The Lion Rock hike in Hong Kong is one of the most popular trails in the region with an epic viewpoint over Kowloon all the way to Hong Kong Central. The lion-head shaped rock at the summit is the perfect spot to watch the sunset over the city from the forest.



Hike Distance: The Lion Rock Hong Kong Hike was 6.9km for the loop trail, but there are ways to make it shorter. We began and finished on Chuk Yuen Road and completed a full loop but you can shorten the trail by starting at Chuk Yuen Road and doing an out and back to Lion Rock. I’ll share more about that in the directions below so you can peak the right hiking route for you.

Hike Duration: The total duration for the hike was 2-3 hours depending on how long you spend at the summit. It is quite steep so it will slow you down a little bit in parts but you can definitely make it to the summit in just over an hour if you are rushing up.

Hike Difficulty: The hike was a mid-range difficulty for the average tourist I would say. The incline was very steep in some sections, often with a staircase at a ridiculous angle. It was a quad and calf-burner at times. The trail was dirt and a bit slippery but pretty safe for the most part. Anyone with a moderate level of fitness will be fine but anyone a bit out of shape will surely be hurling some curse words to their friends who convinced them to come.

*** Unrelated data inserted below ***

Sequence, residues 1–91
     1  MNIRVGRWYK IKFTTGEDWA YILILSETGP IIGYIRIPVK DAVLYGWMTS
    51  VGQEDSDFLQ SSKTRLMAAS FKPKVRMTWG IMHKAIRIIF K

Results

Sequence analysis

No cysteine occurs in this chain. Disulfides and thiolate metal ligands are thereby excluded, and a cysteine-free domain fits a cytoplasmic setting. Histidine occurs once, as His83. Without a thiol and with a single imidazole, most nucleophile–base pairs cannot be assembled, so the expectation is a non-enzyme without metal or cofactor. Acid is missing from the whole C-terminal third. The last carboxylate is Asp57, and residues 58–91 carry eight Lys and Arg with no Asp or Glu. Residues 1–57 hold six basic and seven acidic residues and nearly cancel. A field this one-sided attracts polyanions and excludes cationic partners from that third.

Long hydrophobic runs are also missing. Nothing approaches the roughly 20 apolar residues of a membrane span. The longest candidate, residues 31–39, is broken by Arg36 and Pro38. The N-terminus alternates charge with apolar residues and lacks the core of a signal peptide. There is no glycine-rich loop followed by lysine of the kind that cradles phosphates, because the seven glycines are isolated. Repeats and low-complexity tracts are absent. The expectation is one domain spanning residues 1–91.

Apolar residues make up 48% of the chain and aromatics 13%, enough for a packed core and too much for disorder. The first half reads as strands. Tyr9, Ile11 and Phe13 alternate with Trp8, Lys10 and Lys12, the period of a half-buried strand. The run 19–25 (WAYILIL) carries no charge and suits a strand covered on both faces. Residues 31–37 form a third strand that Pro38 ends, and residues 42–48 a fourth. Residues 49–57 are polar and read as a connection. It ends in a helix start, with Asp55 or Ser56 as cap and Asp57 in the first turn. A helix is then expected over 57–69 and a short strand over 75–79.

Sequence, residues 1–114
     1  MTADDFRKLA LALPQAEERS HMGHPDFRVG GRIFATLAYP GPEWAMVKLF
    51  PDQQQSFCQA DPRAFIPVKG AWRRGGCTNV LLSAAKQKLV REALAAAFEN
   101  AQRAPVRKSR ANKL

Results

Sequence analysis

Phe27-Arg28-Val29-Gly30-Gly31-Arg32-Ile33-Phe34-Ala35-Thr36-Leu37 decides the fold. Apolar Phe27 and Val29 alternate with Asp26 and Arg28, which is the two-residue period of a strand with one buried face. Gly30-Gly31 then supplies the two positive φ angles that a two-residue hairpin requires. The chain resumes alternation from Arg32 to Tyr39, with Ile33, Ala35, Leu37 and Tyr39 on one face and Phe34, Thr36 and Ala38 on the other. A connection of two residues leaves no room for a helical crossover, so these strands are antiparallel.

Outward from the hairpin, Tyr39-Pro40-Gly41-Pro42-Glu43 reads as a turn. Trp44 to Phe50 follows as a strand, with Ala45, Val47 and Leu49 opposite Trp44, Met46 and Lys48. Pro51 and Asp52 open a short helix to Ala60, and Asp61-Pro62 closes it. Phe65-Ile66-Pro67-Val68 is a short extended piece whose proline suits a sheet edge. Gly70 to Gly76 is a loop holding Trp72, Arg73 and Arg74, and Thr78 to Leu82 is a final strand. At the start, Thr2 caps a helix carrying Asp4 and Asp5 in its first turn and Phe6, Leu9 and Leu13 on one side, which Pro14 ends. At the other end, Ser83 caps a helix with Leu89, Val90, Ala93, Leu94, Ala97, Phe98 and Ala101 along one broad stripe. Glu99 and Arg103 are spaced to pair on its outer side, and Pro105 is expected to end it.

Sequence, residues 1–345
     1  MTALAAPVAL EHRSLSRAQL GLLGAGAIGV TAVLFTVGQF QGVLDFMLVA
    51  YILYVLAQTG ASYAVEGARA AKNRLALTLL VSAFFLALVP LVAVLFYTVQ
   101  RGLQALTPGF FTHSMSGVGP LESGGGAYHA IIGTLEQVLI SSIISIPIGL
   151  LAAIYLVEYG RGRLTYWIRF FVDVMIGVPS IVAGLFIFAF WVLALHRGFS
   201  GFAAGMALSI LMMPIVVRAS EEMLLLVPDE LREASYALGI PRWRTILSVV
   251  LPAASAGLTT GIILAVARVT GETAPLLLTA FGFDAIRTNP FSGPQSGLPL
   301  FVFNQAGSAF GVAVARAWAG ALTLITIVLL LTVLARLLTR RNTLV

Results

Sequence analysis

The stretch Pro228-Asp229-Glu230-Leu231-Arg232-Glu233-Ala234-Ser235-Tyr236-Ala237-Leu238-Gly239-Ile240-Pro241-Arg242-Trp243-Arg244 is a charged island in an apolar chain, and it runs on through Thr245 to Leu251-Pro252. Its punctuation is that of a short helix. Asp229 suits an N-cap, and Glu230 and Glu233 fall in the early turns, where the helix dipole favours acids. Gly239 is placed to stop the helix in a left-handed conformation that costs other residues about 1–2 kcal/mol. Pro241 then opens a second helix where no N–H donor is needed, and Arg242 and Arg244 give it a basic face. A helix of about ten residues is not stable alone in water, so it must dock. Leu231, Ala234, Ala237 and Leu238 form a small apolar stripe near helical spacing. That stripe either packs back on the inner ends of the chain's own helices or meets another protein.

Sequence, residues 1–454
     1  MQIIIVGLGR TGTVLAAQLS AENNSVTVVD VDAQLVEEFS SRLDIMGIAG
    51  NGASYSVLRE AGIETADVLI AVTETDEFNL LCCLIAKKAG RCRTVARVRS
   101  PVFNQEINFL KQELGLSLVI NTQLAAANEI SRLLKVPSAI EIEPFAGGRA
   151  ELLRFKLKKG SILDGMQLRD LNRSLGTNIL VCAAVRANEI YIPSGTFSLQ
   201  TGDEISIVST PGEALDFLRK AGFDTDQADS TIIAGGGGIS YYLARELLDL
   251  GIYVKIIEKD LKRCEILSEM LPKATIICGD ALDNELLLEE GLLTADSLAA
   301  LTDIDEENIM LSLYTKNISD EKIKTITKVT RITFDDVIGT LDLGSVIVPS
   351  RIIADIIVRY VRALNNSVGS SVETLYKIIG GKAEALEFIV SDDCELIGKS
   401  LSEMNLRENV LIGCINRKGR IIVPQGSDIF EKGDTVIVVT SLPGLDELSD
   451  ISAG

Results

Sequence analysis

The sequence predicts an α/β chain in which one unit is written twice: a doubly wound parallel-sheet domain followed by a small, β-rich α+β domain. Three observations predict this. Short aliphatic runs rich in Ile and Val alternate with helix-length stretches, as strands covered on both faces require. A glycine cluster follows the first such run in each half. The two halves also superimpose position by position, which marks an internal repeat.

Hike Incline: The Lion Rock Hike had 540m of incline when hiking the loop route.



Step 1: It is quite simple to reach the starting point of the Lion Rock Hike in Hong Kong. From wherever you are based, catch the MTR (train/subway) on the green line to Wong Tai Sin MTR Station. You can begin the walk from the MTR station but it is just a 20-minute walk along the streets of the neighborhood and quite steep so if you want a workout, go for it but for many, they will prefer to grab a taxi just outside the MTR Station for the short journey up the hill.